His numbers aren't as impressive as Durant's, but the difference he provided on the floor was palpable.  Besides, when my wife, who generally would dislike him based on the style choices that make him look like an extra on The Wire, becomes the president of the Chris Wilcox fan club, you know he had a good week.


To date, the Thunder have won a single game.  A home game versus the Minnesota Timberwolves.  Tomorrow, the Thunder have a home game against the Minnesota Timberwolves.  You know what that means?  Hope.

QUOTE OF THE WEEK: Mrs. Matthews

On the halftime entertainment at the game versus the Suns on Tuesday:

She can shoot an arrow at a target fifteen feet away.  I'm impressed.


This was the average stat line (points-assists-rebounds-steals) for Chris Paul in the two game set the Hornets played against the Thunder this past week.  He actually played better in the game that was closer, achieving his fifth career triple-double with 29 points, 16 assists, and 10 rebounds.  For our sake, I hope Russell Westbrook was taking notes while being schooled by CP3.

THIS WEEKS WTF: M.C. Jonathan Meisner

Tuesday night was the first Thunder game that I had been able to personally attend at the Ford Center.  While all of the game presentation appeared to be clunkier than the Hornets (who, to be fair, were more experienced at game presentation since they brought along more of their staff from New Orleans than the Thunder did from Seattle), I was struck by how bad the master of ceremonies performed.  And, really, what's the deal with the hand motions?  Maybe I'm just being sensitive because I tried to explain to a co-worker this morning what needed to be done on a spreadsheet by accentuating every word with a karate chop or finger wag like Jonathan Meisner describing the mini-dunk contest, and the co-worker told me I looked like a dorky white guy.  I probably shouldn't have performed the robot at the end.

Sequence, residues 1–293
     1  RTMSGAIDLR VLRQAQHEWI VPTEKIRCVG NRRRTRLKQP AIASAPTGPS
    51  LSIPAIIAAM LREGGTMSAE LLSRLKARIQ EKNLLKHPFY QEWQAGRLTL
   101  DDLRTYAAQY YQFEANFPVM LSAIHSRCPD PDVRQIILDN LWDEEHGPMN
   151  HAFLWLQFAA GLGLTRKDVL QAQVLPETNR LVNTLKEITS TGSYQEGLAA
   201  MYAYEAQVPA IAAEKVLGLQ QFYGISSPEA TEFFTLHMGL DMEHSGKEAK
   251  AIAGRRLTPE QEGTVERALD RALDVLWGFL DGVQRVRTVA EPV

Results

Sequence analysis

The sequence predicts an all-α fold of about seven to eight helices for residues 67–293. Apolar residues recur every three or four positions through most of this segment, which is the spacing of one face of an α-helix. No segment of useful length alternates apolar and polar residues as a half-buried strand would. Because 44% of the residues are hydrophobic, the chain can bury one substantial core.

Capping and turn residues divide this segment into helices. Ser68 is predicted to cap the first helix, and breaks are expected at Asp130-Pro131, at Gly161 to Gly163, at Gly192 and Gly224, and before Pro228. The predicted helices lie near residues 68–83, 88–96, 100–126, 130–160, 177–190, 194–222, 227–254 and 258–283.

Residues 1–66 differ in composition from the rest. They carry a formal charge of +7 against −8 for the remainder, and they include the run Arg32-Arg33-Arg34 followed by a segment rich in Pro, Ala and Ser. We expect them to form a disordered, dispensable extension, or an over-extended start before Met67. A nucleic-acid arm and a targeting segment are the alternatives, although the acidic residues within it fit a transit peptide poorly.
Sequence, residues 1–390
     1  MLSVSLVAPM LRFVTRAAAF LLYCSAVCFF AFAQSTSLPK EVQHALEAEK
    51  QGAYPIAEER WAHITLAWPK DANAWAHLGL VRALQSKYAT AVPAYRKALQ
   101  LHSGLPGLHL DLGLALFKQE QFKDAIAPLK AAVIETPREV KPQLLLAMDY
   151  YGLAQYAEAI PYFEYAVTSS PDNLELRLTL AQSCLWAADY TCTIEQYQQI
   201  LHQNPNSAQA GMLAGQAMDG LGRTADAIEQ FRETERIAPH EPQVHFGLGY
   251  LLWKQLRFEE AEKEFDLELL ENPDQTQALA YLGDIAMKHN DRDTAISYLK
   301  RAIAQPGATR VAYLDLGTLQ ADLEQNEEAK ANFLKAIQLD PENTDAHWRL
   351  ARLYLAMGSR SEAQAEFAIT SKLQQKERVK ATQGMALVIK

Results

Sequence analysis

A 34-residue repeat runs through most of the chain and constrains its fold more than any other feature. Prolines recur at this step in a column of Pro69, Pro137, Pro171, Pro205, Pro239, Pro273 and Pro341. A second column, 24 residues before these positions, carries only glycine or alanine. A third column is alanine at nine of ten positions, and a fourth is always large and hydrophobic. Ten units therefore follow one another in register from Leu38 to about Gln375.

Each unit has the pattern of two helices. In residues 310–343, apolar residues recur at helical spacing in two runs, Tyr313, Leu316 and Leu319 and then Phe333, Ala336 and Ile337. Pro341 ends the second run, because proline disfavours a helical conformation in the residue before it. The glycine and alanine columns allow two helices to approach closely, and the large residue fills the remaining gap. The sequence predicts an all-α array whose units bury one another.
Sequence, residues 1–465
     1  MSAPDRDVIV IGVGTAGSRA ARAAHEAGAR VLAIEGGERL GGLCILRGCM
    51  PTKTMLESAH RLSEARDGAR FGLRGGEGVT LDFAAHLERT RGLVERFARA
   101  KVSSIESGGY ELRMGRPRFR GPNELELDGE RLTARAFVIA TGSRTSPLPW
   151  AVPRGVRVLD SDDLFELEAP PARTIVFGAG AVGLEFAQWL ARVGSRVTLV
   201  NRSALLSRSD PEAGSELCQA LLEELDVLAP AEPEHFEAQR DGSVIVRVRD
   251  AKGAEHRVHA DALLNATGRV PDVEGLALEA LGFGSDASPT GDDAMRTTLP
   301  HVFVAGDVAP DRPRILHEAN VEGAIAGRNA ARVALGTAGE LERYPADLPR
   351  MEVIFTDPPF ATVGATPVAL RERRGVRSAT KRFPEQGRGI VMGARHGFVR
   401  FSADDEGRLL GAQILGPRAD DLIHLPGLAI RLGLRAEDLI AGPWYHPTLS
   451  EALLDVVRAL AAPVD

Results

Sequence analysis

SILVER LINING OF THE WEEK: At least we aren't Washington

In essence, the Wizards and the Thunder have had the same season to date.  Washington started out 1-10 and fired their head coach.  The difference, though, is astounding.  While the Thunder were expected to be awful this season, the Wizards thought they were going to be a contender for the Eastern Conference title.  Or, at minimum, a playoff team.

Most of that optimism was because the team ownership invested hundreds of millions of dollars to lock up their core players for the next five to six years.  That means, Washington has no hopes of getting any better unless they can trade the players they overpaid.

As much as we will make fun of the Thunder's awfulness over the rest of this season, the team is in surprisingly good shape.  Nick Collison is the only player on the team who is signed past next season and his contract is positively reasonable for a player of his caliber.  By this Summer, the team should be about $30MM under the salary cap making them one of a very few teams who will be able to sign free agents for more than the minimum salary.  And as much as other franchises like to believe players won't want to play in Oklahoma City, money is the biggest factor in any player's decison.  Sure, the Thunder might be hurt if they can only offer the minimum salary and a team in L.A. is doing the same, but that shouldn't be the case any time in the near future.

In the meantime, this poor performance is setting the team up to rack up some of the best young talent in the league while we wait for the extreme makeover that Sam Presti is preparing to take on.